Thus, assuming I am right so far, the question is whether British Sugar have shown that the mark now has a distinctive character. Is my finding that to some but not most people “Treat” has some trade mark significance enough? This depends on what is meant by a distinctive character. Neither the Directive nor Act throw any light on this. So I have to use what I at least regard as my common sense. Take a very descriptive or laudatory word. Suppose the proprietor can educate 10% of the public into recognising the word as his trade mark. Can that really be enough to say it has a distinctive character and so enough to let the proprietor lay claim to the word as a trade mark altogether? The character at this stage is part distinctive but mainly not. I do not think it would be fair to regard the character of the word as distinctive in that state of affairs. But if the matter were the other way round, so that to 90% of people it was taken as a trade mark, then I think it would be fair so to regard it. This all suggests that the question of factual distinctive character is one of degree. The proviso really means “has the mark acquired a sufficiently distinctive character that the mark has really become a trade mark.” In the case of common or apt descriptive or laudatory words compelling evidence is needed to establish this. And in particular mere evidence of extensive use is unlikely to be enough on its own. Of course the power of advertising may be able to turn almost anything (save a pure description) into a trade mark, but it must be shown in a case of this sort that the mark has really become accepted by a substantial majority of persons as a trade mark – is or is almost a household word.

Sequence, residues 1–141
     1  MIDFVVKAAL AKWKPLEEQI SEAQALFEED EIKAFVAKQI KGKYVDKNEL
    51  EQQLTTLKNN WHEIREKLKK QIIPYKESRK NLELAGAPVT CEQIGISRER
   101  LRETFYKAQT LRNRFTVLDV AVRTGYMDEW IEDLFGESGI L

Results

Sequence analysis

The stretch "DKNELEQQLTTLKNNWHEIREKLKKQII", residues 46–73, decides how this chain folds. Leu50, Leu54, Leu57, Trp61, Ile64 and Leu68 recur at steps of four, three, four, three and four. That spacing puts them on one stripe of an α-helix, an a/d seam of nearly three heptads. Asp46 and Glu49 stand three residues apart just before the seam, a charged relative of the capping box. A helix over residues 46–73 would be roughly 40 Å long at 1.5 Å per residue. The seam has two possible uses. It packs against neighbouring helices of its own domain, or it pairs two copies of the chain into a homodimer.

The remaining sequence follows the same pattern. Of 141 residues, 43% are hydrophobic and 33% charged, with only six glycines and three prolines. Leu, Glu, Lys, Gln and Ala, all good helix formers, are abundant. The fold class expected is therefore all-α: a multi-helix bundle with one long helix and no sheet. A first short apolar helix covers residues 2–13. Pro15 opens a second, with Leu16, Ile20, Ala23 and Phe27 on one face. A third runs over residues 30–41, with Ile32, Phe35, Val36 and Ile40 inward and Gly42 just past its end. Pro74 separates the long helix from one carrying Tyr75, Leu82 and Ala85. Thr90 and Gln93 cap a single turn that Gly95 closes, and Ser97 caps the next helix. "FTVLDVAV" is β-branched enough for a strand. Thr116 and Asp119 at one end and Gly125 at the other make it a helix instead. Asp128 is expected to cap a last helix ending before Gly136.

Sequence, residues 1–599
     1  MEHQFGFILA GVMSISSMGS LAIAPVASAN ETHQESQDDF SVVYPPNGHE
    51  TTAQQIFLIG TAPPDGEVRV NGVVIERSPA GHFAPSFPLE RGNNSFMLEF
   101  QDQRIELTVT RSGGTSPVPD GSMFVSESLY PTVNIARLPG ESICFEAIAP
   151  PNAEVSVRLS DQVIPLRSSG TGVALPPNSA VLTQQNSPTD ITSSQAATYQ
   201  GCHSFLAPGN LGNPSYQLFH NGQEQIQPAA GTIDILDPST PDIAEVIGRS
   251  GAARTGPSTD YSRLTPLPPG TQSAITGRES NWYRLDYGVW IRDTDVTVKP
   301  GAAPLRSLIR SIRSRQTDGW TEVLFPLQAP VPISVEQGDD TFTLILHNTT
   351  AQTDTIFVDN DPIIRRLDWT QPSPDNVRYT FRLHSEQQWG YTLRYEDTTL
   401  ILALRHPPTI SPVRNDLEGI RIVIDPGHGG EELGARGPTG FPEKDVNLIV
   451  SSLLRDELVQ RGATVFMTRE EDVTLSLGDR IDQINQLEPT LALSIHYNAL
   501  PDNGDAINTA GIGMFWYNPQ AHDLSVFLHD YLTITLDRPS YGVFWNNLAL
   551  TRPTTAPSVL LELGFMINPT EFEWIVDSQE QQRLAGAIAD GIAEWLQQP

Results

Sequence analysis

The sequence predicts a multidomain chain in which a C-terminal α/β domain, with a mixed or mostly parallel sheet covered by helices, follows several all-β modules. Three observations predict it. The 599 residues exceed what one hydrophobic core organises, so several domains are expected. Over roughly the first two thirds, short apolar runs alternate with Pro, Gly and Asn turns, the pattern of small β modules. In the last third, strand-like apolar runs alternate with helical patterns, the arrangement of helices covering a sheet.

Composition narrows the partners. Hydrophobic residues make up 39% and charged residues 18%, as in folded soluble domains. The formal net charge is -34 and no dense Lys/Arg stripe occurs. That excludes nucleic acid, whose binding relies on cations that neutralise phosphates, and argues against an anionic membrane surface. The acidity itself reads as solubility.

168 There is force in this submission, particularly when regard is had to the primary judge’s findings about the alleged pre-Lodgement Date use of the YELLOW trade mark (see -, especially ). However, we do not accept it because the evidence may have supported Ms Sherwood’s credit (and perhaps that of Mr Harvy), and acceptance of her credit may have affected the acceptance of her opinions more generally. Secondly, the respondents submitted that, even assuming the YELLOW trade mark had become distinctive to some extent, that was because the public had been educated as to its use, not because the mark had any inherent capacity to distinguish. In other words, like the facts in Austereo v DMG Audio, the public had been educated about the new trade mark by its use in association with existing well-recognised trade marks. There are some findings of the primary judge which seem to support such an argument, but his Honour did not analyse the matter in that way. It is not possible for this Court to make findings about witnesses it has neither seen nor heard and review all of the documents in the case.